A poetic Babuszka: No word in English turns/a scarf into a grandmother
If you always wanted Poland to be just another normal European state, historian Brian Porter-Szűcs says that’s exactly what it is. That is good news, though Michał Kasprzak thinks it may dampen dinner conversations at festive tables.
Compared to Keats, Marcel Proust, and even to “Bob Dylan, William Shakespeare, Pablo Neruda and James Dean rolled into one,” Krzysztof Kamil Baczyński was passionate, erotic, heroic, idealistic and incomparably prolific. His life and his art were one, his death made him legend.
The Color of Courage: The war took away his childhood, and indelibly etched his memories on his mind. While in The Polish Experience through World War II: A Better Day Has Not Come, master weaver Aleksandra Ziołkowska-Boehm presents a tapestry of wartime experiences.
The memorial Centre in the German city of Halle Saale will unveil a monument to Krystyna Wituska, a young Polish prisoner executed on June 26, 1944, and two German authors will launch their book, Zelle Nr. 18: Eine Geschichte von Mut und Freundschaft (Cell No. 18: a History of bravery and friendship) to mark the 70th anniversary of her death.
This anthology of new Polish plays was published in English with an ambitious goal: to connect with the universal “everyman.” Will Harrington casts an American eye on the proceedings and says, “Yes, they resonate.”
Jaroslaw Anders’ book is at once a “farewell…to a certain way of reading” and “one of the best introductions to twentieth-century Polish literature.” Łukasz Wodzyński reviews.
A many layered story about the sentimental education of an American student in post-war Europe told with wit, sensitivity and elegance.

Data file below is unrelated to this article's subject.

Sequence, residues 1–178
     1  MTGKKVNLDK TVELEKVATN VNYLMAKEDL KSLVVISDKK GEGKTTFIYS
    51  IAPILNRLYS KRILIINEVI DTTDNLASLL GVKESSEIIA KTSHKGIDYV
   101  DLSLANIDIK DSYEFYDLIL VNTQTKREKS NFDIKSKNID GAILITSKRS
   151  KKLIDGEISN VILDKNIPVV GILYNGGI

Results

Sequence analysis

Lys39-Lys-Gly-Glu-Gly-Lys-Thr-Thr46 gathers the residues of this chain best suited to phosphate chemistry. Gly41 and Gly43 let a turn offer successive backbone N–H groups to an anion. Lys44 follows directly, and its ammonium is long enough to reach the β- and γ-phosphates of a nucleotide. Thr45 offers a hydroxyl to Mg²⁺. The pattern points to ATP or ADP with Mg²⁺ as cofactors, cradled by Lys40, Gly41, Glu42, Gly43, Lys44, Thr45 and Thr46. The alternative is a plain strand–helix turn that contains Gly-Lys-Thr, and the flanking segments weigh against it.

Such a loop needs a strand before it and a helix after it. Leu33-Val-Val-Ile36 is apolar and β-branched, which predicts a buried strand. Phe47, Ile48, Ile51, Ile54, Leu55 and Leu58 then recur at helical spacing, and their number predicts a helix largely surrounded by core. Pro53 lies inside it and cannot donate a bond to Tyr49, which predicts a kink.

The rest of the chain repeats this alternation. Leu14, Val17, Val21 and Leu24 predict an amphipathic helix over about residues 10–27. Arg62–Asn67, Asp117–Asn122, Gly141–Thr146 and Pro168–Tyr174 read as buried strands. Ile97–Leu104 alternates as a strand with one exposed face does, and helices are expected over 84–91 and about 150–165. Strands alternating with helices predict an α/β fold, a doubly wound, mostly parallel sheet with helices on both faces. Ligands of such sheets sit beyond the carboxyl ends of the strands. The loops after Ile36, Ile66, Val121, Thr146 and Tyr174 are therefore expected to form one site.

(…) Every Turk hovers between tradition and modernity a thousand times a day – the hat or the charshaf [veil]; the mosque or the disco; the European Union or dislike the European Union. Until you can explore this country, writes Katarzyna Zwolak, read Witold Szablowski’s wonderful book.
With access to hitherto unused archives, historian Alexandra Richie brings little-known facts and a sobering description of the barbaric destruction of the people and the city of Warsaw.
Britain’s most spectacular secret agent was brave, loyal, irresistibly beautiful, and “a law unto herself.” Author Clare Mulley pens an excellent study of the fascinating Krystyna Skarbek/Christine Granville.
The trial of Melchior Wańkowicz in 1960s communist Poland was a cause célèbre. Today, a new biography brings a captivating portrait of a “great humanist with a pragmatic approach to life, a prolific hard working writer, bon vivant, thinker, husband, father and most of all a fabulous reporter and storyteller.”